Striking out has always been a useful tool for insurers, in certain circumstances, to prevent claimants from dragging their heels needlessly, while stacking up costs. The Court of Appeal decision of Biguzzi v Rank Leisure Plc, 26 July 1999 was the first case to determine the way courts will deal with these cases under the new civil procedure rules. It laid down three fundamental principles.
Judges must apply the principles of the CPR and not those of the old regime.
Striking out was only to be reserved for the most serious breaches of the rules. But Lord Woolf emphasised that failure to comply does not mean that this should necessarily lead to a strike out. If a more just result can be achieved by other means, such as payment of indemnity costs and interest or an order requesting the defaulting party to pay into court either damages or costs, then the court should take this route.
"Is there anything unfair in letting this case go to trial?" is now the fundamental question in determining whether a case should be struck out.
Strike out upheld
In Biguzzi, the claimants obtained a trial date which was re-adjourned because they were not ready. The court ordered that a certificate of readiness should be served by March 19 1997. The claimants took no action until the court ordered a hearing to take place between February and May 1999. The judge decided a fair trial could still take place, concluding that the best course was to have it heard at the first convenient date.
This gave claimants hope that other sanctions would be imposed, not a strike out. But, on December 23 1999, in the case of UCB Corporate Services Limited v Halifax Limited (unreported), the Court of Appeal upheld a robust order for a strike out. It indicated it would be ironic if the new rules required judges to afford greater leniency towards a claimant than under the old rules. The delay was so serious that the court felt the matter justified a striking out order.
We believe that, where a fair trial is possible, such an approach is less likely to be followed as it may contravene Article 6 of the European Convention on Human Rights and Fundamental Freedoms. This gives a right to a fair trial and is effective from October 2.
Whether a fair trial could take place was considered in Axa Insurance Co LTD v Swire Fraser LTD (19 January 2000). While there had been substantial delay by the claimant in not pursuing this action, the defendant's application to strike out failed because there were two similar claims running, which had not, at the time, been heard. The court decided it would not have been too late for Axa to join the other actions. But cost penalties were imposed upon the claimant.
Relying on the principles in Biguzzi, we applied to strike out in a case where the claimant alleged bullying/stress while in employment from 1987 to 1989. The claimant's solicitors issued in July 1992 and served in 1993. A general extension of time for the service of the defence was granted. The defence was served in 1996, after which automatic directions applied. Discovery by the claimants occurred over a year later, with no steps being taken to exchange witness evidence or expert evidence or set the matter down.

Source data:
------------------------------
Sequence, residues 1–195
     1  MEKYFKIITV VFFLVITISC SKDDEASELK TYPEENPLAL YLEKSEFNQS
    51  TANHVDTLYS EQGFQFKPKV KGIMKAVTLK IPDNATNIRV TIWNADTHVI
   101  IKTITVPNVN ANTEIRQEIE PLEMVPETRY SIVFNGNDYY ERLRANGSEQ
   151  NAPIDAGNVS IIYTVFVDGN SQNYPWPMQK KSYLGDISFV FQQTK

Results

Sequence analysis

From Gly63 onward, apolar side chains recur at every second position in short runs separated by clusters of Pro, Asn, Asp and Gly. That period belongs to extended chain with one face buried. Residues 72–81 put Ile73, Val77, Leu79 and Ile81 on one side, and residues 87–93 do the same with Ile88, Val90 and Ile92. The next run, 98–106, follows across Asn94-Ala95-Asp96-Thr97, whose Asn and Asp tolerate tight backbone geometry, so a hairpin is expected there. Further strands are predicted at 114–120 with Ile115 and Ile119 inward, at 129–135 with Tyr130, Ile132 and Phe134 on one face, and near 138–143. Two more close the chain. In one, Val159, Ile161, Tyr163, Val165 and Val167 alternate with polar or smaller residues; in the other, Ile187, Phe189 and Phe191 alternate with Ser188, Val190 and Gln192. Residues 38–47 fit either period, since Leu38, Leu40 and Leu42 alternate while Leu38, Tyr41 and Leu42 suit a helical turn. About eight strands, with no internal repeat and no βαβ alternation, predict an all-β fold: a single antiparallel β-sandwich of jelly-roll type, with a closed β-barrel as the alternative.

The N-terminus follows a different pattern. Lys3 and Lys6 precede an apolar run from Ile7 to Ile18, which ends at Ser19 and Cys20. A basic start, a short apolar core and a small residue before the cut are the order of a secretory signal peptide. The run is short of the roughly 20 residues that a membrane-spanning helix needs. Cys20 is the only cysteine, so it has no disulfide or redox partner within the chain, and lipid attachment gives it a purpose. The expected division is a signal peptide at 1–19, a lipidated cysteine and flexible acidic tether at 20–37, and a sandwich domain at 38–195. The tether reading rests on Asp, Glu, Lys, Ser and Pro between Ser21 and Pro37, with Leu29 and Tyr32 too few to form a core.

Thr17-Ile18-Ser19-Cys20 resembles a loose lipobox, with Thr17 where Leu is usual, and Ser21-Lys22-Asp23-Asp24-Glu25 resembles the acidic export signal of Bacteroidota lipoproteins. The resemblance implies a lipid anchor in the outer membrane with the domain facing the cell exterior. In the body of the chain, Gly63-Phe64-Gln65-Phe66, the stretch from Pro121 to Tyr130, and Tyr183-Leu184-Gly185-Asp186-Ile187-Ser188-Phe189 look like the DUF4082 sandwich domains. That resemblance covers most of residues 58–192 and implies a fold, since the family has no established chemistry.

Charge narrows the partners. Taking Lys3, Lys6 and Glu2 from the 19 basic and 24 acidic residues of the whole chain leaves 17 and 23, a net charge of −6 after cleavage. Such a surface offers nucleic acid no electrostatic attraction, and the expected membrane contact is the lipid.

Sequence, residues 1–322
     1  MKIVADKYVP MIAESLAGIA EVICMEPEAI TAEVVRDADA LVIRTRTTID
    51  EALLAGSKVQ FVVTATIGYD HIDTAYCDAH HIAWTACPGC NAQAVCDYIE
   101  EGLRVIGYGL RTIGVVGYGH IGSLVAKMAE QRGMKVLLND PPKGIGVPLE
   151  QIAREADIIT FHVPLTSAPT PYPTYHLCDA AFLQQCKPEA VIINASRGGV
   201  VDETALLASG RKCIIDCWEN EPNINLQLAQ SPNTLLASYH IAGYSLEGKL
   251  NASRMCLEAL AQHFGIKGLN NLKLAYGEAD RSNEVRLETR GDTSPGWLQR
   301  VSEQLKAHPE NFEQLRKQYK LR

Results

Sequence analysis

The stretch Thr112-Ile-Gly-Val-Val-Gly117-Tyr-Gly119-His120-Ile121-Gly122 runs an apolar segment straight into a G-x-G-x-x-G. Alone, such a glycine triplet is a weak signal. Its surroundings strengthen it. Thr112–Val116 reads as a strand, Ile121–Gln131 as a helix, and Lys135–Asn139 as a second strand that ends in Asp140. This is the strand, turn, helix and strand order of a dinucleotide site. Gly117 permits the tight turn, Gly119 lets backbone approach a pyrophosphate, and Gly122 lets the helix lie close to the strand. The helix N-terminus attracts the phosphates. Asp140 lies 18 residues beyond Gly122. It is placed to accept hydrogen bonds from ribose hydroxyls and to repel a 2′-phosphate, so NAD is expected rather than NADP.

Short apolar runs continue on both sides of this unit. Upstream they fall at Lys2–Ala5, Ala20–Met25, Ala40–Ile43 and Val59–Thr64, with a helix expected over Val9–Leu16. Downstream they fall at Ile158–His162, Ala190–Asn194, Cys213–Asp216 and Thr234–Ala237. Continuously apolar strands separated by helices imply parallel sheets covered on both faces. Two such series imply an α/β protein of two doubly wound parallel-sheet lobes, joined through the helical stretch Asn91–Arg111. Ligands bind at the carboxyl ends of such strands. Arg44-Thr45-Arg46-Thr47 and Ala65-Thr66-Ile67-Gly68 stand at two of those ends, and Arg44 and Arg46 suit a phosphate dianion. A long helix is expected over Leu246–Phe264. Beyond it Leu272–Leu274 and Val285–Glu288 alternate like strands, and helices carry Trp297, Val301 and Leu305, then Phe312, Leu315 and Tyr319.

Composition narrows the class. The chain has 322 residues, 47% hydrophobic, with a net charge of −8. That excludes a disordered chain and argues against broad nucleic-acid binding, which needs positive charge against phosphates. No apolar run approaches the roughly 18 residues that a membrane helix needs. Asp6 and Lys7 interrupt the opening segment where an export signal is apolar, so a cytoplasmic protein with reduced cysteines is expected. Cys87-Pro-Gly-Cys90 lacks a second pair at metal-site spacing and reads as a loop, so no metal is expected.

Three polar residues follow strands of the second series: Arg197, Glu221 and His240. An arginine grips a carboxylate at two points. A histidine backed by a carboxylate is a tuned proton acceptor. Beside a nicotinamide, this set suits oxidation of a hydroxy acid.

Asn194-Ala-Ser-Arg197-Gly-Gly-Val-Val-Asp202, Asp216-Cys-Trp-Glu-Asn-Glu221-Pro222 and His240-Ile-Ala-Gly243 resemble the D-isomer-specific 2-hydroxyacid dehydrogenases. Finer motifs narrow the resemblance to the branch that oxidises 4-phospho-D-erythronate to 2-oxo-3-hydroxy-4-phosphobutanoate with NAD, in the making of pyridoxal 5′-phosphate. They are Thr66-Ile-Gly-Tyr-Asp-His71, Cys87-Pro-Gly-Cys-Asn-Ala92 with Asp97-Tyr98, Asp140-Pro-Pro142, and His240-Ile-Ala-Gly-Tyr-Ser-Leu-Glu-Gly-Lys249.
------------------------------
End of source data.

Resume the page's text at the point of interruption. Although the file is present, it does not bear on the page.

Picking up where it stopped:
The case revolved around the evidence of two witnesses, the claimant and his manager. The case was successfully struck out and the decision later appealed by the claimant's solicitors. The claimant's counsel argued, on appeal, that the moratorium for filing the defence meant that the period between 1993 and 1996 should not be considered. In that time, the claimant's manager died. The claimant argued that the defendants could have protected themselves by obtaining witness statements. The judge stated that, where claimants issue at the end of the period, it is necessary to move fast. The claimant's solicitors should not have let the moratorium continue. The defendants tactically let sleeping dogs lie. In a case involving conflicts between two men, where there was no documentation, speed was of the essence. That the manager had died, and thus the court could not hear his oral evidence or get a feel for his demeanour, and would only have secondary evidence to consider, meant a fair trial could not take place.
It seems likely, with the Human Rights Act 1998 coming into force this year, that judges will be less inclined to strike out cases for pure delay unless a fair trial is not possible. A strike out order in any other situation may be considered to be a breach of the Act. The position will be less favourable for defendants, but sanctions may be more readily imposed. However, it must be acknowledged that the Human Rights Act is a new area of law which has been seized on eagerly. It may have little effect on the courts' decision-making process. Only time will tell.